Some service organizations will find that substantial work will have to be undertaken for ensuring their prior SAS 70 description of “controls” meets the intent and rigor of the SSAE 16 and ISAE 3402 description of its “system”. Lastly it is important to note that SSAE 16 is now an “attest” standard, while ISAE 3402 is an “assurance” standard.]]>
Much like SAS 70 Readiness Assessments, an SSAE 16 Readiness Assessment should be looked upon as a useful and proactive step in meeting compliance. There are without question a number of items that an SSAE 16 Readiness Assessment can assist with, such as audit scope, how to prepare one’s description of its “system” along with preparing a written assertion by management.
Additionally, an SSAE 16 Readiness Assessment can help unearth what role, if any, the internal audit function would play in a SSAE 16 Type 1 or Type 2 engagement.
In short, they are important and should be considered a “must do” for any service organization seeking to comply the new standard. Hello SSAE 16 ( and ISAE 3402)….goodbye SAS 70.]]>
It is worth noting that two of the most important components of the new SSAE 16 standard in regards to service organization requirements are the following:
1. Management must provide a description of its “system”.
2. Management must provide a written assertion-simply known as the written assertion by management.
What’s interesting to note is that the SAS 70 auditing standard called for only a description of “controls”, and did not even require a written assertion by management. These two issues alone (along with others) will require service organizations to spend considerable time and effort in preparing for these reporting requirements for SSAE 16. Be ready, the migration from SAS 70 to SSAE 16 (and possibly ISAE 3402) is fast underway.]]>
What’s important to note about SSAE 16, other than the changes it represents from SAS 70, is its willingness (within the ASB of the AICPA) to adopt global standards for reporting on service organizations-a trend that is being played out in many other areas within the accounting industry.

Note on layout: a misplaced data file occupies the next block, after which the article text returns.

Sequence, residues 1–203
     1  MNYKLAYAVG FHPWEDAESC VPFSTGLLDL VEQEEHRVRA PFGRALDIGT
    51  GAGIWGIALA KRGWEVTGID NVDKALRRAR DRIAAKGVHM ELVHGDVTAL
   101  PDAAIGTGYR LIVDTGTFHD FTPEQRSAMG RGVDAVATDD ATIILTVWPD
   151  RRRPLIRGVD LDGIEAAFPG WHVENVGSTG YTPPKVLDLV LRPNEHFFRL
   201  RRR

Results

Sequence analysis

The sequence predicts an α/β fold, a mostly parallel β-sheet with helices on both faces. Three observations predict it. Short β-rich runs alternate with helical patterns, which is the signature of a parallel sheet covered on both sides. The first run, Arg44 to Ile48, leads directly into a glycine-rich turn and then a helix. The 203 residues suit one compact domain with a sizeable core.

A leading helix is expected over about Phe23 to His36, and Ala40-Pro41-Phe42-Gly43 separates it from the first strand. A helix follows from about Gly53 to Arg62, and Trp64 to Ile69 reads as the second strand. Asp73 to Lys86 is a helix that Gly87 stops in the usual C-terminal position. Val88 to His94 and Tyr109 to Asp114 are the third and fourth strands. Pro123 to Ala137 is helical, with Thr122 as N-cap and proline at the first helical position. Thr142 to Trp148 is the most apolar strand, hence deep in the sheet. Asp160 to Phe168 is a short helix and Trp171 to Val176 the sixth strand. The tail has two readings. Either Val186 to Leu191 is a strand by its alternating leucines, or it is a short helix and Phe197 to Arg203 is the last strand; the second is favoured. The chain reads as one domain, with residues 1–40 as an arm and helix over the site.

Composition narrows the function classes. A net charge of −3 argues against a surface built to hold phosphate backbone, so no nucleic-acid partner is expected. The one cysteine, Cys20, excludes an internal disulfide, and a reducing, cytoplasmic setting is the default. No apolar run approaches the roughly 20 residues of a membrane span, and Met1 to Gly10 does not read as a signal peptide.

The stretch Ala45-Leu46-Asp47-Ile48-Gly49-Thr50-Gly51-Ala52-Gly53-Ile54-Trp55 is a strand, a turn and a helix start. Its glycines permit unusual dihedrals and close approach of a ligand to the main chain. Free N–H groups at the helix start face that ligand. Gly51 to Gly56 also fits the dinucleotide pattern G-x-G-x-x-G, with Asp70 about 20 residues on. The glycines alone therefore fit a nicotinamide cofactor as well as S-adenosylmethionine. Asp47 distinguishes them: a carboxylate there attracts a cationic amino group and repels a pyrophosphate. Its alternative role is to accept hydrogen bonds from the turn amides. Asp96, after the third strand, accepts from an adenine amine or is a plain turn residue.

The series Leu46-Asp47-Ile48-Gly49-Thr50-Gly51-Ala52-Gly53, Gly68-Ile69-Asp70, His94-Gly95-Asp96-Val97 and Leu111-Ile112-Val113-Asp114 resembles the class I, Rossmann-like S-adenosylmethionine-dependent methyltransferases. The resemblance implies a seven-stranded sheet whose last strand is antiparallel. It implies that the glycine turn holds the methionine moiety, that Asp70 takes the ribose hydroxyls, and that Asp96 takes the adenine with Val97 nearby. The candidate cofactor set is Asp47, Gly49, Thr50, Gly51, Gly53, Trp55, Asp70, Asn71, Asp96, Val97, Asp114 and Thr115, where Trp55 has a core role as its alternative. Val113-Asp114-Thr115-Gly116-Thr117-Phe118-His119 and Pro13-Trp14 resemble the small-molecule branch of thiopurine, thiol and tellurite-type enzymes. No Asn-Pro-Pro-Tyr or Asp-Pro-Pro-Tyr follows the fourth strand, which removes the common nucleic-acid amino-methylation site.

It will be interesting to see how the landscape plays out for SSAE 16 and ISAE 3402 along with the continued reporting on controls at service organizations.]]>
There are also a number of other roles, responsibilities, and requirements which management must undertake, but what’s important to note at this point is why the new auditing standard came to be, effectively creating a need for the U.S. standard (SAS 70) to be replaced, which is being done with SSAE 16.
ISAE 3402 represents a migration towards global accounting principles and standards; one that creates transparency and much more clarity when reporting on controls at service organizations. SAS 70, the standard used globally by many practitioners, had been showing its limitations for a number of years, due in large part that it was a U.S. based standard and was not always meeting the ever-growing and complex reporting requirements for service organizations.
ISAE 3402 (and the U.S. Standard of SSAE 16) are soon on their way to becoming the “standard” for reporting on controls at service organizations. Early adoption of the two standards is permitted, but it seems likely most service organizations will wait until 2011. Be prepared and get the facts about the ISAE 3402 standard.]]>
In short, expect ISAE 3402 to bring about significant changes for reporting on service organizations-due in large part to the two (2) requirements put forth by the ISAE 3402 standard itself that differ from SAS 70.
Also, SAS 70 is effectively being replaced and superseded by Statement on Standards for Attestation Engagements No. 16 (SSAE 16), with it becoming effective for reporting periods ending on or after June 15, 2011.
SSAE 16 and ISAE 3402 are essentially similar standards, with some slight technical variations. They are the convergence of auditing standards that have resulted in a more unified and transparent framework for reporting on controls at service organizations.]]>